When my son went from infant to toddler, I found it challenging to keep him stimulated, especially when he became mobile! By 14-months, he was into everything, constantly exploring his surroundings, and I needed new activities to promote his development. I wanted a variety of things he could do independently as well as activities we could together. So naturally, I scoured the internet and collected the thirteen best activities and toys to keep him engaged.
In general, the best types of activities for a 14-month-old toddler are scavenger hunts and water play, which give children different textural experiences. The best craft activities are making pasta necklaces, which give them opportunities to make creative choices. These activities allow them to explore with their senses and express their creativity. The top 13 activities below are a fun way to support the development of a 14-month-old.
- Developmental Milestones
- Sensory Play Activities
- Arts and Crafts
- Developmental Toys
- Final Verdict
This article from Pampers.com has some great insight into the milestones of a 14-month-old. At this stage, their language comprehension is improving. They’re beginning to understand simple directions and recognize familiar objects and people as well as becoming more independent. If they haven’t started walking already, this is about the time when they start.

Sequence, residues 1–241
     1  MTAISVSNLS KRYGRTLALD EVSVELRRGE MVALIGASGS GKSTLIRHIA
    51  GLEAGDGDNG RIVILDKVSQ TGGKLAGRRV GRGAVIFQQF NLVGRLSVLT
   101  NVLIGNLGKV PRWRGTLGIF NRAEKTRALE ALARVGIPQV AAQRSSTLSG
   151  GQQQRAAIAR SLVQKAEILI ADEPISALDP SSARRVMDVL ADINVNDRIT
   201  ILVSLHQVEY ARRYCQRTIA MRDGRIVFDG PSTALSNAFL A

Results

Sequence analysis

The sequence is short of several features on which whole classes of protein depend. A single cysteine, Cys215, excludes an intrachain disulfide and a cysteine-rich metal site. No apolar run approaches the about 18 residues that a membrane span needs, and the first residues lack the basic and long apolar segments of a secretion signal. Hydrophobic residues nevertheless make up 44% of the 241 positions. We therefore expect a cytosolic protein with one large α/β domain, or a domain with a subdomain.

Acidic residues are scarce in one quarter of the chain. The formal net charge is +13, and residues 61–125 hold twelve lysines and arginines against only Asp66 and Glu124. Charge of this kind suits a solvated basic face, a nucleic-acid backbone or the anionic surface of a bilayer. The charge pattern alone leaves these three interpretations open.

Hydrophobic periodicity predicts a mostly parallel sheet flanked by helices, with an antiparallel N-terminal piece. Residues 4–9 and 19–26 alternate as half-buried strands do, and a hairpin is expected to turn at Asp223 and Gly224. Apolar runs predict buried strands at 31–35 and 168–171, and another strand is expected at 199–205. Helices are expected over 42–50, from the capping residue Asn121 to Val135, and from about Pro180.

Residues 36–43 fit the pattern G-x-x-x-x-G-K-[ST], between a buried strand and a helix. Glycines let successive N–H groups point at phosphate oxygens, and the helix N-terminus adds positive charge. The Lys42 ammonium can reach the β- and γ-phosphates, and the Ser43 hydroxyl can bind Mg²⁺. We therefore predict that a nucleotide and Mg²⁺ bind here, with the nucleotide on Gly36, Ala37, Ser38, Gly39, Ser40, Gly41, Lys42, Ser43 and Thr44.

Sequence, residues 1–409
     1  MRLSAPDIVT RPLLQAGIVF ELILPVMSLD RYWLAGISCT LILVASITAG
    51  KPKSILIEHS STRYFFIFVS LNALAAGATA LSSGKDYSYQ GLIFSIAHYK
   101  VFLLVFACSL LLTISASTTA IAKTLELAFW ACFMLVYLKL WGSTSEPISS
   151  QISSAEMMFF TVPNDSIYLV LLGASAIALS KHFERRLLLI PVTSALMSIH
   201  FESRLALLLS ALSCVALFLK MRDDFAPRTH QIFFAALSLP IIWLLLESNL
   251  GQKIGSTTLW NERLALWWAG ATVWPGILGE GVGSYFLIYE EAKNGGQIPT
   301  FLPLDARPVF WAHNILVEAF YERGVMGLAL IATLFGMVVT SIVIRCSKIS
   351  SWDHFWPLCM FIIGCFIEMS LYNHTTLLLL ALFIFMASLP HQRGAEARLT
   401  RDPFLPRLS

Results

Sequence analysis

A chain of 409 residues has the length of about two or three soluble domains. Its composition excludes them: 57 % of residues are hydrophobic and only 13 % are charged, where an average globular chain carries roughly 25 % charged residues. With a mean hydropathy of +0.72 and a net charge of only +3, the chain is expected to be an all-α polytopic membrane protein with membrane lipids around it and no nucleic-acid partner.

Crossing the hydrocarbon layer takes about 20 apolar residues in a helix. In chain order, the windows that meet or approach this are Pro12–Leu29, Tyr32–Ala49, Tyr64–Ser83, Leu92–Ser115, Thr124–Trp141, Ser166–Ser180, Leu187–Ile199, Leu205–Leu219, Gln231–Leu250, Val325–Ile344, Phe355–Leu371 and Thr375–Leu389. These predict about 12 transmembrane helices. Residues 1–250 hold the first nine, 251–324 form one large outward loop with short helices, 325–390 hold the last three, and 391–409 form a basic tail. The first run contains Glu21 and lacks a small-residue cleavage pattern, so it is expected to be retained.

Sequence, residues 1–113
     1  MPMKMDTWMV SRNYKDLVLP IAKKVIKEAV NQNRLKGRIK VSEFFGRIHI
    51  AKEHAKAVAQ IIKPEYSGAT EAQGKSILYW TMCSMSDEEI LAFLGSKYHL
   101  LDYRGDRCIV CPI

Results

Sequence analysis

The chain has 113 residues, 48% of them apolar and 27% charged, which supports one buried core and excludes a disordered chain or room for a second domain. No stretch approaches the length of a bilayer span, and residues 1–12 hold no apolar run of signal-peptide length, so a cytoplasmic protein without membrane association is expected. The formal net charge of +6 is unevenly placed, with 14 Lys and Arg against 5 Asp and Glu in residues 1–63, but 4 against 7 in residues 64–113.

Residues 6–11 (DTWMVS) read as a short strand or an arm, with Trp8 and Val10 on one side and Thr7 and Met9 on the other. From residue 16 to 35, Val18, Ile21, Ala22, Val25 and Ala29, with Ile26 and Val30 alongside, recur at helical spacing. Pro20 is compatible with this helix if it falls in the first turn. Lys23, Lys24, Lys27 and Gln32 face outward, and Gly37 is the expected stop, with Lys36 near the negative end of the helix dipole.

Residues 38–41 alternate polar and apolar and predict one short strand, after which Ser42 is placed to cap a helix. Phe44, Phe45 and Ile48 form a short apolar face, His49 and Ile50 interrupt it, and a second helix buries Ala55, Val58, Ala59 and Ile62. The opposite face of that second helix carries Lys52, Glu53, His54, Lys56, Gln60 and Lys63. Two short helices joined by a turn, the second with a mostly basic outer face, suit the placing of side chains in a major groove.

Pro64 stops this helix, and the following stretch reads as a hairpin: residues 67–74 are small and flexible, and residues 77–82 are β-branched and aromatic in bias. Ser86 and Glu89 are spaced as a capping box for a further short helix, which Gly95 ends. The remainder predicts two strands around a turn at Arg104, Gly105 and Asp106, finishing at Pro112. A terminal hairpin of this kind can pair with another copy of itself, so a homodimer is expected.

Sensory Play Activities
At 14-months, children are all about exploring their surroundings. Everything is new and exciting, especially if they’ve recently become mobile! Sensory play includes any activities that engage the five senses – sight, sound, touch, taste, smell – as well as movement and balance. These types of activities have many cognitive benefits, including improved motor and language skills and problem-solving. For a 14-month-old explorer, sensory activities are a must.
You can have sensory play inside or outside. In fact, it’s best to have both options to keep your 14-month-old’s attention span engaged. For outside sensory play, the activities can be a little messier and, when appropriate, should include elements of nature. Below are some activities for both indoor and outdoor sensory play.
1. Scavenger Hunts
Explore the backyard or the park with your child. Let them touch all the different textures of nature and point out things they can’t reach. Pause together to listen to the sounds and identify them. You can even create your own scavenger hunt seek-and-find game so your child can scout objects for themself. There are also many pre-made options on Amazon like this one.
Who doesn’t love bubbles? Playing with bubbles actually promotes hand-eye coordination in toddlers. Blow some yourself for them to catch, but also give them a chance to try for themselves. Don’t be afraid to let them get messy. Many DIY bubble recipes are made with items you probably already have at home!
3. Ripping Games
Give your child a piece of paper – any kind you have – and let them rip it into pieces. It’s a simple activity, but it’s one that will help develop their fine motor skills. The bigger the paper the longer they’ll stay occupied. To contain the mess, have them sit in their highchair or in their booster seat at the table.